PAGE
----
I also have a reading on Sunday. I’ll be reading with Carrie Vaughn, who is awesome, and we’ll be in Mesa Verde C at 1 PM. Likely I will read something from my imminently pre-orderable Rumbullion and other Liminal Libations and/or my story in the currently pre-orderable The Book of the Dead. Oh, and I’ll also be doing that Autograph Alley thing, so if you have something you want me to sign, like my book, or someone else’s book, then come on by! I’ll have my own pen, even. Um, probably.

See you there! Oh, and my hair is long(er) now, so don’t look for the fuzzhead anymore.

Tomorrow evening from 6:00 to 7:30 PM, I’ll be doing a reading with Stephen Graham Jones at Folsom St. Coffee, at the corner of Folsom and Canyon in Boulder, CO. So, if you’re around/in the area, please come on by! And maybe don’t bring your kids, I’ll be reading something with, inevitably, potty-language.

Also! If you’re in Denver or Boulder, Shaolin Hung Mei Kung Fu will be performing our dragon (nine or eleven-person, depending on how many people come!) this Friday and Saturday at the Parades of Lights. Denver is Friday night; Boulder, Saturday. I’ll be playing cymbals! So that’s awesome. Our new dragon is a real beauty, as you can see, and I’m proud to be part of the performance. I don’t have any info for Boulder but we’ll be, I think, 9th in line for Denver.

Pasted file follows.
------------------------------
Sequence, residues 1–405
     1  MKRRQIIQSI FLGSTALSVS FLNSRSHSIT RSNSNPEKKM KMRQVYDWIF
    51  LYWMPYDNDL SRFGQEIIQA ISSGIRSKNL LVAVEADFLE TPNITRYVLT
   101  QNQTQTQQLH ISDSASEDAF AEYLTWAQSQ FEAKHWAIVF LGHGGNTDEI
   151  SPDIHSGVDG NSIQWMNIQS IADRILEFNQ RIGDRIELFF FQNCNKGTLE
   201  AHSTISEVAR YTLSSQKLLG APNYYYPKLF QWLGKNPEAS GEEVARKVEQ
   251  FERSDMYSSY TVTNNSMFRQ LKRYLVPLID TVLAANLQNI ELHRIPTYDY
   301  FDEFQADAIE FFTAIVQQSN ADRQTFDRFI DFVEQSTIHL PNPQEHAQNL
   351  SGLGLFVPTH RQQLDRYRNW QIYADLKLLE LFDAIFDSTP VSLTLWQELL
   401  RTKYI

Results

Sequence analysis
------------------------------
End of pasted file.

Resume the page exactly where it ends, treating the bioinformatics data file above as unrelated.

I usually don’t leave the house after sundown (except for kung fu class, of course) so this is serious business.

Whee! Today, Alan M. Clark and I are doing a blog-exchange to co-promote our new titles, both out through Lazy Fascist Press! Alan’s here, and I’m over on his blog, “The Imagination Fully Dilated.” Pop on over there afterwards, why don’t you?

***

I met Molly Tanzer online after she read and commented on my historical fiction novel, Of Thimble and Threat: The Life of a Jack the Ripper Victim. This year Molly and I discovered that we were both writing within historical settings, and we agreed to serve as readers for each others’ developing work. Both Molly’s book, A Pretty Mouth, and my novel, A Parliament of Crows, are historical fiction, both inspired by real events within history. Both books tell dark, disturbing tales, hers an erotic horror, mine a southern gothic. A Pretty Mouth is sort of a novel in short and long fiction set in England during several different periods, much of it in the 1600s, and A Parliament of Crows is set in various locations within the United States between the time of the American Civil War and the end of the first decade of the twentieth century.